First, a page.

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  #5  
October 11th, 2008, 08:53 AM
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You have a lot on your plate. A lot of hurt, they have done a lot. I can relate on a lot of levels.

What I can say is this. You have 1 set of parents & doing things like outdoor venues or things that involve stuff like "apple picking" or "brunch" etc., I think there is no harm in that. If they started being verbally abusive & taking advantage or you or your kids & acted inappropriately, then at that point I'd have to say sever the ties & leave it that way moving forward again.

I'd talk to your parents & let them know that you are wanting to regain a new foundation w/ them but you want to set some boundaries. The roles have changed. You are a parent now, you are older & they are no longer in control of your life, something that changes the dynamics of any relationship. This "will" that you're talking about might just be what they use to hold over your head to get what they want or continue to behave in such a way that continues to justify abuse etc., and in that case, regardless of the terms of the will, I'd be saying "see-ya-later"... you will/would see your sibling again. Things would be resolved. They cannot control the world & if they are used to controlling things (as it seems that they have done in their past), they are going to try to do it again, especially if they know you are anxious about the will or even mention it. I would do my best not to bring that up, ever. Seriously.

Just lay it down. Tell them you want a new start, you are scared, you will give this a shot, you can't forget (no one can, I can't) but you can forgive & you are willing to do that to gain a new relationship. You want something rather than nothing. It takes time. It took me YEARS, I am talking YEARS of crying, arguments etc., to get to a point in my life w/ the person(s) I am referring to that I was able to get along w/ & be civil. I know my expectations of that person, what to say, what not to say, what I can accomplish & what my kids get from it, which is pure joy/happiness. That's all that I care about, and w/ that, I've actually gained a new perspective from the ordeal. I do love this person, not in the way I wish I had or wanted growing up as a little girl, but it's better than it ever was or than I ever expected it to be. If this person passed on tomorrow, I'd be at peace w/ how things have ended.

I hope you can get to that place. Again, this takes years, time... oh, BTW, I seek therapy for this, by myself. It helps. It's hard to get through a lot of this personal drama alone, you need a good therapist/counselor/3rd party person who isn't involved emotionally in your life to be able to speak to you & get you through the tough decisions. Not that we're not willing to help or be here for you. But it helps. Looking into that might be helpful, just a suggestion.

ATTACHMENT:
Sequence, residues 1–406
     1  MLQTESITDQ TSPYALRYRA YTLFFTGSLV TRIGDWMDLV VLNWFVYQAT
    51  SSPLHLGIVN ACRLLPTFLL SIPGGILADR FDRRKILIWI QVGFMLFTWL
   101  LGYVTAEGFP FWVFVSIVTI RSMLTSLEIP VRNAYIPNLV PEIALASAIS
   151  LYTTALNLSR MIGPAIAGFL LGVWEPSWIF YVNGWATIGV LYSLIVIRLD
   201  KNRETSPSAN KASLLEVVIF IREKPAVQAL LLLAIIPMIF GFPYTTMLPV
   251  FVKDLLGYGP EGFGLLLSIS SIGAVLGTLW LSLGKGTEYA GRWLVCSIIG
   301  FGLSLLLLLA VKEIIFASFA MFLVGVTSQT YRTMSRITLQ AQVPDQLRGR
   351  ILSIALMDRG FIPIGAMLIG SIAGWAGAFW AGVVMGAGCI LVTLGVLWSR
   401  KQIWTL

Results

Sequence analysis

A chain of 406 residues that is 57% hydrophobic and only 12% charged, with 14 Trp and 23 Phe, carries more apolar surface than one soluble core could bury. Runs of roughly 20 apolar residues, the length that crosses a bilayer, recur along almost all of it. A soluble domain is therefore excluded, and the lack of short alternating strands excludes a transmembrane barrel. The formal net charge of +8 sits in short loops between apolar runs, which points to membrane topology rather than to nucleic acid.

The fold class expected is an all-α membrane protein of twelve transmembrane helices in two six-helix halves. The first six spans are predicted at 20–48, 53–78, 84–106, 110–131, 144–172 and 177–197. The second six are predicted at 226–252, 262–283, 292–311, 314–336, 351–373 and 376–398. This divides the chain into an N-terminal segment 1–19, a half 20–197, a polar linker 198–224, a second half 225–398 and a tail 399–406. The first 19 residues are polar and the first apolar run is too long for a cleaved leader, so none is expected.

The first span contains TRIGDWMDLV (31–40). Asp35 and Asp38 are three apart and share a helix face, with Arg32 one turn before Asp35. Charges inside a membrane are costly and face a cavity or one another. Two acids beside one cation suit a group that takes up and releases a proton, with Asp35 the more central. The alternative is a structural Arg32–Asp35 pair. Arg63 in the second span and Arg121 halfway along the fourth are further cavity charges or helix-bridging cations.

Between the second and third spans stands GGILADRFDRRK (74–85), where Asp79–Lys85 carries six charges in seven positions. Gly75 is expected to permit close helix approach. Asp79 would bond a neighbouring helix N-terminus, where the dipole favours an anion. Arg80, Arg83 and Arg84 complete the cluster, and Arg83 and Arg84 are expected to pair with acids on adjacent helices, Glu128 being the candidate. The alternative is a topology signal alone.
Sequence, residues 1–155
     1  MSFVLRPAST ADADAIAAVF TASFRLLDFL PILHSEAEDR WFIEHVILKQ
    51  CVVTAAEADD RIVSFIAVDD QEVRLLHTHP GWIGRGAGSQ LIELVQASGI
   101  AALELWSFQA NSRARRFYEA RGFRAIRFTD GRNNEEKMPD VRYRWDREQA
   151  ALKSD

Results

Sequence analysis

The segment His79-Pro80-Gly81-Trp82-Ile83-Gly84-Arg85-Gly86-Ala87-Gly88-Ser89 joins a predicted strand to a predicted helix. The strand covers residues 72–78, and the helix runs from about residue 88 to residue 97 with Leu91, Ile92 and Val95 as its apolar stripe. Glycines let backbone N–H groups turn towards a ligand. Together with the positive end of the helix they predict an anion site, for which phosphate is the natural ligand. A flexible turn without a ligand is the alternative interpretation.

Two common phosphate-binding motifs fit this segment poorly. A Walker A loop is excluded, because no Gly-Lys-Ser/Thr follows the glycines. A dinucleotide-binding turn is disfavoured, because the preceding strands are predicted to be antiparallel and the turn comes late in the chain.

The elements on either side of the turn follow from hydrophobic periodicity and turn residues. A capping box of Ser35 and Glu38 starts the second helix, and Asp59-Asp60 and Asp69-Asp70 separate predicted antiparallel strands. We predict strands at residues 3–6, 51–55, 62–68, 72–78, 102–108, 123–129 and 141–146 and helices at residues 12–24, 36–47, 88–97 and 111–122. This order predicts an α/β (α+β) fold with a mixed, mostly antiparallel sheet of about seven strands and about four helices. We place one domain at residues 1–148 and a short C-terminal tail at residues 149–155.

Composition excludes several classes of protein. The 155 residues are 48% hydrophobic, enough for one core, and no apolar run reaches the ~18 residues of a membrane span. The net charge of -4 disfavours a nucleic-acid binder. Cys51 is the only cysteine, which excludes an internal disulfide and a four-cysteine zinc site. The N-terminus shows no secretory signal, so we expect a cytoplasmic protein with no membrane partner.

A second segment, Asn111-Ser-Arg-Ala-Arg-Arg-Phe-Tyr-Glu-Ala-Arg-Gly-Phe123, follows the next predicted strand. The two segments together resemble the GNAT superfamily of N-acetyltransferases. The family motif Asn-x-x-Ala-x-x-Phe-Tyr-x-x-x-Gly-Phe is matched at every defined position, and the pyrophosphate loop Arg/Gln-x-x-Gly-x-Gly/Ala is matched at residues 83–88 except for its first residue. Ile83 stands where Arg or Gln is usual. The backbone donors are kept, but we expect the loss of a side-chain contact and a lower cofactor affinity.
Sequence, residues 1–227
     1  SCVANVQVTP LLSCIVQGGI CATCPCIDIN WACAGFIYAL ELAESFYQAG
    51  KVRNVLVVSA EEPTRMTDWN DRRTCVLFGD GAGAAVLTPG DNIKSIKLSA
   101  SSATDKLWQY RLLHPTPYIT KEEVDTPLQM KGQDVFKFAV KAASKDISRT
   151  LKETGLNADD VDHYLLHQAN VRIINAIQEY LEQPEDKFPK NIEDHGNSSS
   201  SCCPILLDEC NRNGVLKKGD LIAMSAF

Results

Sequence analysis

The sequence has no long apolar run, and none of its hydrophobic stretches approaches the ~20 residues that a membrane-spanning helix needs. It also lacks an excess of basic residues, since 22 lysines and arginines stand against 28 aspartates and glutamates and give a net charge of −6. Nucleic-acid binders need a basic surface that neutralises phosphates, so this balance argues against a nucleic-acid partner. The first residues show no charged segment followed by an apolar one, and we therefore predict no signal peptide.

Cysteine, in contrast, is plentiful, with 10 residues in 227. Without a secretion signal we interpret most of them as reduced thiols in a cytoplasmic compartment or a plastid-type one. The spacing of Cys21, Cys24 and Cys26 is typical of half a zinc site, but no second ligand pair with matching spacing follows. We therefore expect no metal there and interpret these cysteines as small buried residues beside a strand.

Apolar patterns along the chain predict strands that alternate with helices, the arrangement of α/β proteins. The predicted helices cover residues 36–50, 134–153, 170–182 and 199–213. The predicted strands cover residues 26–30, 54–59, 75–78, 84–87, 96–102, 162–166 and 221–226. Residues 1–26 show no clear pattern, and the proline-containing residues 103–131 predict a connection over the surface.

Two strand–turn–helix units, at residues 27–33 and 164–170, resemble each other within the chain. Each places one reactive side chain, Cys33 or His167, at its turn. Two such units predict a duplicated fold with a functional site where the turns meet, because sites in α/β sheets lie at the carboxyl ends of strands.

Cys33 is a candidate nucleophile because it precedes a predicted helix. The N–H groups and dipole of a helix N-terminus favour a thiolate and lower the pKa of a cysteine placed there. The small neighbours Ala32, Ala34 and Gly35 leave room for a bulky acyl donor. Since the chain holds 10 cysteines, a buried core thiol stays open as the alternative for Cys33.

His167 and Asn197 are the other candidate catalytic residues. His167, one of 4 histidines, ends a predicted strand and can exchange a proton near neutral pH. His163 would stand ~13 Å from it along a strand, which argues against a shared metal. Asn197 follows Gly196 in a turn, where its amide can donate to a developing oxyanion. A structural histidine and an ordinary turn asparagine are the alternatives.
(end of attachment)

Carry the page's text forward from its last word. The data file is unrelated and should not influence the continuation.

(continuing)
HIH,



Chantelle
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  #6  
October 11th, 2008, 02:31 PM
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I agree with Chantelle about therapy. Part of my 5 year therapy was to deal with the sexual abuse that I endured at the hands of my grandfather. Unfortunately, I didn't even RECALL it while he was alive and it wasn't until a few weeks after he died that I guess my subconscious decided it was "safe" to let it bubble up to the surface and be dealt with. It's hard coming to terms with abuse of that nature especially if you're torn between feelings of love and hate toward the abuser--which I definitely was. My one regret is that I never got the chance to confront him. I never will.
It's probably a good idea to distance yourself from them while you work on your problems so you don't have additional stress right now. It's also good sometimes for a marriage when the dealings with extended family is removed so you can focus yourselves on growing strong. I know from my own experience with my ex, I didn't really feel like I had to work on the marriage until we moved across the country. Then the concept of packing up and going back home to my mother's became a lot more complicated so I tried harder to keep things together. We were suddeenly away from both sets of family and had to rely on each other more. If I were to say any one time in our marriage was "good" the closest I could come would be those 3 years away from them. It still wasn't good but at least I wasn't packing up to go home to mom every weekend!
As far as your brother is concerned, let's pray it never has to come to a fight over who gets him. It sounds to me like your parents are in denial about what happened to you or too afraid to "rock the boat" when it comes to confronting that person. Does anyone else in the family have knowledge of the abuse? Has anyone else suffered the abuse that you did? If so, keep them close. If anything does happen to your parents, you can use that to back up your story should it ever become a court battle. Like you, I think the most impostant thing is to keep the person from abusing another child and I would fight to the end to keep it from happening. How old is your brother now?
Anyway, I hope things go well for you. Keep us updated and keep posting!!!